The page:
I love our dentist, Dr. Russell. He’s the kind of guy I can exchange snippy banter with while he takes better care of my mouth then the words coming out of it often deserve.
As many of you know, Anne and I are turning into bike rack zealots. So its no surprise that during my cleaning last winter, I spent some time berating him for his shoddy bike parking. The rack at his office is old, rattly, rusty, and not even secured to the ground!
To his credit, Dr. Russell didn’t jab me with one of those evil dental picks. Instead, he listened respectfully, asked a couple questions, and gave me a little hope he’d do something about it.
Last Thursday I was back for my summer cleaning. Approaching the still-in-place ratty old rack my initial disappointment quickly turned to admiration for the way he had spiffed it up and secured it with the tools of his trade:
This bike rack makes us laugh. It’s really old and rusty and it’s not bolted to anything. Very effective!
I only shop at this Safeway when I’m feeling lazy: it’s at the top of the hill so I can cruise down the hill on my grocery-laden bike for a change.
The other day the five year old did an impromptu dance on the rusty-non-bolted rack. He was really loving the music he created. The fake burp at the end of the video is the best – you gotta love five-year-old boys.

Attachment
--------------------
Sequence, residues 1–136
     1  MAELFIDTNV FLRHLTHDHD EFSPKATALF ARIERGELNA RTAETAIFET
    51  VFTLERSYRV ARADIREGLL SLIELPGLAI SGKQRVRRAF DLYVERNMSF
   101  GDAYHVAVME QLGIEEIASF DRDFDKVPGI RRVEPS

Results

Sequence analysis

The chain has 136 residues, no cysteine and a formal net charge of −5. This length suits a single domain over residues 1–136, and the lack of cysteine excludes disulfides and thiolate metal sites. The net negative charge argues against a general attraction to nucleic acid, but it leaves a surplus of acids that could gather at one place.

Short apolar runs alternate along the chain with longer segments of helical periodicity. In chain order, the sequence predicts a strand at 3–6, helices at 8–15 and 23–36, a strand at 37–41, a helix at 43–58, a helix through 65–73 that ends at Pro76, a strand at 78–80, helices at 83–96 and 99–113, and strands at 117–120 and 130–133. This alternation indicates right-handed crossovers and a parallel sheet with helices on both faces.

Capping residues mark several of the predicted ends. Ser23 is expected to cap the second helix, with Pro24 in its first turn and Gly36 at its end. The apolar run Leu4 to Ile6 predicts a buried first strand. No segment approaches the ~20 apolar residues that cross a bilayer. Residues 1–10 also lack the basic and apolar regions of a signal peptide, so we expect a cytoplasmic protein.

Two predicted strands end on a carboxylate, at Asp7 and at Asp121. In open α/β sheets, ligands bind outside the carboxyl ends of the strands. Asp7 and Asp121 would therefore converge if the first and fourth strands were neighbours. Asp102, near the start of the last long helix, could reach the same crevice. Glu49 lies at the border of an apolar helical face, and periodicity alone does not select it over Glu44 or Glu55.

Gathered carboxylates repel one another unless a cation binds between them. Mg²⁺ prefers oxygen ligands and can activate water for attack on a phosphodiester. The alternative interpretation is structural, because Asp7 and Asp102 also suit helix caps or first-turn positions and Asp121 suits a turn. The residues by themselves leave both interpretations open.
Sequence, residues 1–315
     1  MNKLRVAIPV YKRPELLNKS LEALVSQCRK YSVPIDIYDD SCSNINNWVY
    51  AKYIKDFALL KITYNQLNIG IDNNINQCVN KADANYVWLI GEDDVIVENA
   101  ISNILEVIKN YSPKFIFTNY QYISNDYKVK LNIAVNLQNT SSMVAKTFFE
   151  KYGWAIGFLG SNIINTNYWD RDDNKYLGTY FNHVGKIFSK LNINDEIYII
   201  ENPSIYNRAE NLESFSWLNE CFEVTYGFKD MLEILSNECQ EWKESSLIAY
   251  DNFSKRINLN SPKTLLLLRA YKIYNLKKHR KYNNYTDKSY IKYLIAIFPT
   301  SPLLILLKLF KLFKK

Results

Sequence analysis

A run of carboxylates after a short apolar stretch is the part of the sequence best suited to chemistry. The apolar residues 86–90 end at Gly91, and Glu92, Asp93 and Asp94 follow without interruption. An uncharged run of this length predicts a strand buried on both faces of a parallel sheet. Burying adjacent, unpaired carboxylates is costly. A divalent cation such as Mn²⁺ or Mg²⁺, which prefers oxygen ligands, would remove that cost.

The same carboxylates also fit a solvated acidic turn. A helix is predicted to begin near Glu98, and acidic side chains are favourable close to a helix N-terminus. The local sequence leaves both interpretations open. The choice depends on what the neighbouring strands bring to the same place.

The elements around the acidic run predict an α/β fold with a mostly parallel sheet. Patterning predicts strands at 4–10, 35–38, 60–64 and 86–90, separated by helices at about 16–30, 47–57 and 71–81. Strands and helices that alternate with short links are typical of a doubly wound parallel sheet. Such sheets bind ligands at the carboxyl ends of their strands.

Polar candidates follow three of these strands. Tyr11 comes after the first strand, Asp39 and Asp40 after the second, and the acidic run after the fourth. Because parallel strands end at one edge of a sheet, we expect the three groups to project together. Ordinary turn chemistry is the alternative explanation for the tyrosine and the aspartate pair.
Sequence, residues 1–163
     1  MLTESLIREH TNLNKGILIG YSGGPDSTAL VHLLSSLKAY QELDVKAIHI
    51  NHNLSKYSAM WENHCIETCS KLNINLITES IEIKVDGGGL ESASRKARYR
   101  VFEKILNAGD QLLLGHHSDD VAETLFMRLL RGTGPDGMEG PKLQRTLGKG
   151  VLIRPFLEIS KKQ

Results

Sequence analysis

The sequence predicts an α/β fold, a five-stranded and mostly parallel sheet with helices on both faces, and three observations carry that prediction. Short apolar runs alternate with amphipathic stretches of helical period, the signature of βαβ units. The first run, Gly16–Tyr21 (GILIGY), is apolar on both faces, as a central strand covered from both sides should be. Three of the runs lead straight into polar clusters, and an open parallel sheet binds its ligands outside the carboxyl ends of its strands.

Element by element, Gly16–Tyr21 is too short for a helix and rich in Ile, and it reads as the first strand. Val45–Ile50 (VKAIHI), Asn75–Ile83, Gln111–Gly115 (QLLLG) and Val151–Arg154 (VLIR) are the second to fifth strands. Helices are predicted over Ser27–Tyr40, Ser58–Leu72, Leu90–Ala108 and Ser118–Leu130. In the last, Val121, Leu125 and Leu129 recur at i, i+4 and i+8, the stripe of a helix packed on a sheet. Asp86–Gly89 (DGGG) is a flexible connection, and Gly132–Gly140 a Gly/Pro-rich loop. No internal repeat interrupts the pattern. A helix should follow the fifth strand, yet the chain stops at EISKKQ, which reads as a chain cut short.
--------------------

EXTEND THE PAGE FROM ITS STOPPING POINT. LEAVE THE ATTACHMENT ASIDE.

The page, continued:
Just last week, we wrote about the lack of safe bike parking at Seattle’s newly-remodeled Garfield high school. I meant to send the school district an email then but procrastination got the best of me. This evening, Cascade’s Braking News highlighted the problem in it’s Advocacy Issues section; I couldn’t let the opportunity to speak my mind pass again. Continue reading
Posted in bikes, extravehicular activities, kids, Rack that Bike, seattle
Tagged advocacy, bike advocacy, bike racks, bikes, racks, schools, seattle, Seattle School District
I recently requested some bike racks for a fairly new commercial strip in the Ravenna neighborhood of Seattle. Over the past several years some “mixed use” apartment buildings have been built on NE 65th street. In addition to the two large apartment buildings, there are now four restaurants on the two-block stretch. And not a single bike rack. Continue reading
I rode down to the Seattle Bike Swap on Saturday morning. It’s not like I need anything but I can’t resist the thought of a deal. Other than a nice Wald basket ($7) and a couple of cowbells, (3 for $5) I otherwise kept ahold of my cash and didn’t add to the garage gear piles.
The big news was the massive crowd and resulting bike rack shortage. I’ve attended the last few years, and though the event is popular, I can usually stroll in a few minutes after 9. This year, however I rolled up to a line snaking around the hanger. The bike scene is alive and well in Seattle. Though far too many attendees chose to drive this year, a sizable number of riders quickly overwhelmed the existing racks.
Posted in alternative transportation, bigger than here, bikes, Human Powered Politics, Rack that Bike, seattle
Tagged advocacy, bikes, bikeswap, cascade bicycle club, racks, seattle